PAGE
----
The eurozone economy is making a steady recovery across the board. However, a broader perspective on the recovery reveals that divergences have widened between the major euro countries: between France and Germany on the one hand and between Italy and Spain on the other.
Theresa May's decision to call snap elections to consolidate the Conservative Party's majority on the eve of negotiations with the European Union has backfired.
On 29 March 2017, the British Prime Minister, Theresa May, formally triggered article 50 to leave the European Union (EU), opening up a two-year mediation period, which could be extended to three years if the 27 EU members unanimously decide to prolong negotiations.
Emmanuel Macron is the eighth President of the Fifth Republic. The victory comes as a relief for the European markets and is favorable to EMU equities, as the political risk premium can continue to ease and unlock the upward potential of the asset class.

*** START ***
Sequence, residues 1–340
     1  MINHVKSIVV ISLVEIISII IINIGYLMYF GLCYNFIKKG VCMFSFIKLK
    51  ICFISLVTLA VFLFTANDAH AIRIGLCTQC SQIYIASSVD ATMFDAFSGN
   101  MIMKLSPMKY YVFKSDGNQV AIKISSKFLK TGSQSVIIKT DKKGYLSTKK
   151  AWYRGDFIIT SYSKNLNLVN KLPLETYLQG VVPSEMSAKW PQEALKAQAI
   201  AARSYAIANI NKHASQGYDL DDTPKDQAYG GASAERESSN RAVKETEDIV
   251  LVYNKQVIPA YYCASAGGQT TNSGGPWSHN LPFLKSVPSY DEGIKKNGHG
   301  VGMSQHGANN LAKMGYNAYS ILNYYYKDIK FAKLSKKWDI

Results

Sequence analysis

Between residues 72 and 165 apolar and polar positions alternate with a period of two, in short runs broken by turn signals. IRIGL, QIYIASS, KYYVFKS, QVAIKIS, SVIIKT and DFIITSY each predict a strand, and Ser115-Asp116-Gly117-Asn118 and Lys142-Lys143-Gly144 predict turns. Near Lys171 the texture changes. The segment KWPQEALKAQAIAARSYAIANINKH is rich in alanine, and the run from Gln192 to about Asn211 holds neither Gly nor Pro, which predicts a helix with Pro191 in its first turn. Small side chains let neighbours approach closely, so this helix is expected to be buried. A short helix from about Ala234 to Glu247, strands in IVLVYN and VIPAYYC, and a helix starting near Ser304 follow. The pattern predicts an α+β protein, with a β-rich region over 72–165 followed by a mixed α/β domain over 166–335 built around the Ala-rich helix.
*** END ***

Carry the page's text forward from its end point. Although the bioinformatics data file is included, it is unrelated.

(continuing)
Motivated by a lack of conviction on the UK, holds an underweight stance on Europe ex-EMU equities. The uncertainties of Brexit conditions and their impact on the economy are keeping us away from the region. While most of the exchange rate adjustment process might be behind us, we expect earnings-growth expectations to soften somewhat once the negotiation talks start in earnest.
Over the past 10 years, since the onset of the Great Recession, the state of public finances among eurozone members has deteriorated considerably. The difficult bailout of Greece, and particularly the ECB intervention in summer 2012, prevented the breakup of the eurozone and restored calm to the sovereign bonds market.